Feast of Saint Bartholomew - 24th August 2008

Holy Eucharist – Address

Preached by Lay Leader David Fuller

Click here for Home page

Collect for Saint Bartholomew

ALMIGHTY and everlasting God, who gave to your apostle Bartholomew grace to believe and preach your word:
May your church truly love what he believed and faithfully preach what he taught;
through our Lord and Saviour Jesus Christ, who is alive and reigns with you,
in the unity of the Holy Spirit, one God, now and for ever. Amen.

Old Testament lesson: Isaiah 43, Vv 8-13
In lieu of Epistle: 1 Corinthians 4, Vv 9-15
Holy Gospel: St Luke 22, Vv 24 - 30

Today the Western Church keeps the Feast of Saint Bartholomew. As is often the case, the Eastern Church, for reasons that we needn’t explore, keeps his celebration on the eleventh of June, while the Coptic Church remembers him on the first of January. His name comes from the Aramaic bar-Tôlmay, which means son of Tolmay, or perhaps son of Ptolemy. It can also be translated as son of furrows and his forebears may have been ploughmen or agricultural workers. Thus Bartholomew is probably a family or surname, not a given name. Bartholomew is listed by the three synoptic authors among the names of the twelve disciples, where he is always named in the company of Philip. Saint John makes no reference to him. His name also appears in the Acts of the Apostles as a witness to the Ascension, but here his name is paired with Matthew. From scriptural sources nothing else is known about Bartholomew, so you could be led into thinking that this might be the shortest sermon you ever heard from this or any other pulpit! But, not so fast. From the ninth century Bartholomew’s name became associated with the disciple Nathanael, who is only mentioned by Saint John. The reasoning used here is that the name of Bartholomew is paired with that of Philip by the synoptists, where Nathanael’s name is absent, but in the fourth gospel Nathanael is linked with Philip, whereas nothing is said about Bartholomew. I should add that some Biblical scholars refute this identification. It is interesting to reflect that, while many churches are dedicated to Saint Bartholomew, I had never, until very recently heard of any similarly named after Saint Nathanael. However, there is, I am told, a church in Bristol co-dedicated to Saint Matthew and Saint Nathanael, and you may know of others.

   Let us stay with Bartholomew for a moment or two longer. In his great third century work entitled Ecclesiastical History, Eusebius of Caesarea tells us that, after the Ascension of Jesus, Bartholomew went on a missionary tour of India where he left behind him a copy of Saint Matthew’s Gospel. It is generally believed that Matthew wrote his gospel in the last twenty or so years of the first century so that would make Bartholomew a very old missionary or a very young disciple. It is thought that Saint Thomas evangelised parts of India, particularly in the south; is it possible that these two apostles travelled together? Alas, we shall never know. Other traditions tell us that Bartholomew served the nascent church in Ethiopia and also in parts of Asia, such as Mesopotamia, Parthia and Lyaconia. He is also thought to have founded the Christian Church in Armenia, together with Saint Jude; both of these saints are patrons of the Armenian Apostolic Church. There are of course many myths and legends associated with his martyrdom and the dispersal of his subsequent remains. Suffice it to say that Bartholomew’s name has come to be associated particularly with medicine and hospitals; one of London’s most famous is named after him. Finally, a relic of one of his arms is still venerated today in Canterbury Cathedral.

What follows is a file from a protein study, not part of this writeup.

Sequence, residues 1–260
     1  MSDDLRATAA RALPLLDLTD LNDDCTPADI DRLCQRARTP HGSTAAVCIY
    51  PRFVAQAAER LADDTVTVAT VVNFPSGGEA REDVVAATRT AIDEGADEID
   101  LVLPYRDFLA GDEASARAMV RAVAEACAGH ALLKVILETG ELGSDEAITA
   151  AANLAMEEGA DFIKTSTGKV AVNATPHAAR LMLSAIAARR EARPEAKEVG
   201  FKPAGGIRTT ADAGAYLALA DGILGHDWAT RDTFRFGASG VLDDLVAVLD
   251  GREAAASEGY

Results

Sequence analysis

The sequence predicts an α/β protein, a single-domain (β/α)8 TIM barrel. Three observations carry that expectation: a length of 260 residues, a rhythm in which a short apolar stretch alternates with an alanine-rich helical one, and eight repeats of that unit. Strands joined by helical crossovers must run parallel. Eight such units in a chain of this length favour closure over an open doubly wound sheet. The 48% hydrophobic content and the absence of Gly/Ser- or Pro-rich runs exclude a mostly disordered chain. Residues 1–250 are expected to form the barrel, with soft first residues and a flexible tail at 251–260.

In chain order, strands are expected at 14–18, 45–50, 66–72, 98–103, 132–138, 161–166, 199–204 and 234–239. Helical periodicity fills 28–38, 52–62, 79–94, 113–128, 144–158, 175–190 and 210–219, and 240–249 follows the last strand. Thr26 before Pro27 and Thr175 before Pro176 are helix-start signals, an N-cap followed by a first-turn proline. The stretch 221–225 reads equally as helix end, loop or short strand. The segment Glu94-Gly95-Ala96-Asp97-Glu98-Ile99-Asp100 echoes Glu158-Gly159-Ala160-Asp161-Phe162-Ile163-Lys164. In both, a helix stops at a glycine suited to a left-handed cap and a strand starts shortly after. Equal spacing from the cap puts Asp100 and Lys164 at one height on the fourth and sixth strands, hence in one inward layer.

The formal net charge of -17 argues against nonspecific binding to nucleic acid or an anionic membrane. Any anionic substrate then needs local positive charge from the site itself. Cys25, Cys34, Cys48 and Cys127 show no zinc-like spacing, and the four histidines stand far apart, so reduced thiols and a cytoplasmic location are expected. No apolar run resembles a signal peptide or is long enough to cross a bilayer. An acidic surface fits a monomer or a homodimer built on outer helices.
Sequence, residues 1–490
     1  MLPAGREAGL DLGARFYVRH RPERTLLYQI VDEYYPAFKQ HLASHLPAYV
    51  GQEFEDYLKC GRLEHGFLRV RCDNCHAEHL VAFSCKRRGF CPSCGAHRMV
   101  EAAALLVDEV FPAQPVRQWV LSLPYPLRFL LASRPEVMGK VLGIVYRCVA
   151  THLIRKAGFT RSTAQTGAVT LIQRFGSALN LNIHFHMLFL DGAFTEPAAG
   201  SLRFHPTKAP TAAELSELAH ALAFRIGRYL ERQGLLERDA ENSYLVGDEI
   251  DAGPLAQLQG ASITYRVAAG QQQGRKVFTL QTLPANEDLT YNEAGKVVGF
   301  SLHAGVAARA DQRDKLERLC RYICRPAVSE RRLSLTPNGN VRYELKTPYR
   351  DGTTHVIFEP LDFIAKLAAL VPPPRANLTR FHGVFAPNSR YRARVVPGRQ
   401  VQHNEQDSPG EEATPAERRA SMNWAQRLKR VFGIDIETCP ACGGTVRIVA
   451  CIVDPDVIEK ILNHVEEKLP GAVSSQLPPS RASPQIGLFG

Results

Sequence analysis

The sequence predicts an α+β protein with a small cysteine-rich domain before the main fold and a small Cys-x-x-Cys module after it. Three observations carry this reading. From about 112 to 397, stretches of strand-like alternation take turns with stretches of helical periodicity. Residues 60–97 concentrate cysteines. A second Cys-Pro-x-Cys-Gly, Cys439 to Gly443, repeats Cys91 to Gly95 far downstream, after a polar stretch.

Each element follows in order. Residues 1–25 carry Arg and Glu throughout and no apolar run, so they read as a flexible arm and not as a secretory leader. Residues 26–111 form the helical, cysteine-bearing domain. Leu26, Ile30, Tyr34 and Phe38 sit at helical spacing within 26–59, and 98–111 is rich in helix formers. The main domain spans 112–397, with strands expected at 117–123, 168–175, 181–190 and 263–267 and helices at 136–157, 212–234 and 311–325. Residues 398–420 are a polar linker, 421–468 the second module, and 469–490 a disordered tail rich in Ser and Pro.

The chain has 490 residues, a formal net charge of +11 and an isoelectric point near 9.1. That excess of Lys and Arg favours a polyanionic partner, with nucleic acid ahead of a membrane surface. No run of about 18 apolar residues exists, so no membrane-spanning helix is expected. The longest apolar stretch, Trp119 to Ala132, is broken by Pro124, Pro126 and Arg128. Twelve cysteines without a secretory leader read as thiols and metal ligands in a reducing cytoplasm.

What of Saint Nathanael? Can he be identified with Bartholomew? To my mind this seems very likely? He is thought to have come from Cana in Galilee and it is possible that it was his wedding, or the wedding of a close relative, that Jesus, his mother and the disciples attended, as recorded by Saint John as the first miracle, or sign, as he calls them. As I have mentioned, Nathanael’s name, in John’s Gospel, is also associated with that of Philip. After Jesus called Philip to follow him Philip went immediately to Nathanael and said, ‘We have found him about whom Moses in the law and also the prophets wrote, Jesus son of Joseph from Nazareth.’ Knowing that the prophets had all foretold of a Messiah coming from Bethlehem, King David’s city, and recognising the low regard in which the northern province of Galilee was held, Nathanael replied, ‘Can anything good come out of Nazareth?’ Philip said to him, ‘Come and see.’ Then we get an example of that innate perception that uniquely belongs to Jesus. When Jesus saw Nathanael coming towards him, he said to him, ‘Here is truly an Israelite in whom there is no deceit!’ I shall return to this comment in a moment. Nathanael was amazed that Jesus knew anything about him; how could this complete stranger, a man that he had never met, have any such personal knowledge? Nathanael asked him, ‘Where did you come to know me?’ Jesus answered, ‘I saw you under the fig tree before Philip called you.’ It may seem strange to us in a reading of Saint John that there is no further dialogue between these two before Nathanael makes his earth-shattering revelation, ‘Rabbi, you are the Son of God! You are the King of Israel!’ It seems to me very unlikely that Nathanael made this reply, and if he did, he did not make it at this very first meeting, or in this word order. ‘Son of God’ was not a common messianic title of those times. John had already implied in the prologue of his gospel that Jesus was the Son of God. John the Baptist, in this first chapter, had also made this same revelation. The phrase Son of God has its antecedents in Old Testament scriptures; evidence may be found in the Psalms and the Second Book of Samuel. In contrast, the title King of Israel was commonly used and generally understood. Perhaps John, having used the former title to set the Messiah-ship of Jesus firmly before his readers, used King of Israel to avoid any misunderstandings from a purely Jewish point of view. To complete our story from Saint John, Jesus answered, ‘Do you believe because I told you that I saw you under the fig tree? You will see greater things than these.’ And he said to him, ‘Very truly, I tell you, you will see heaven opened and the angels of God ascending and descending upon the Son of Man.’ It is important to mention here that the word ‘you’, which appears twice in the closing verse, is in the plural in the Greek, thus Jesus is giving this revelation to all of his listeners, not just Nathanael.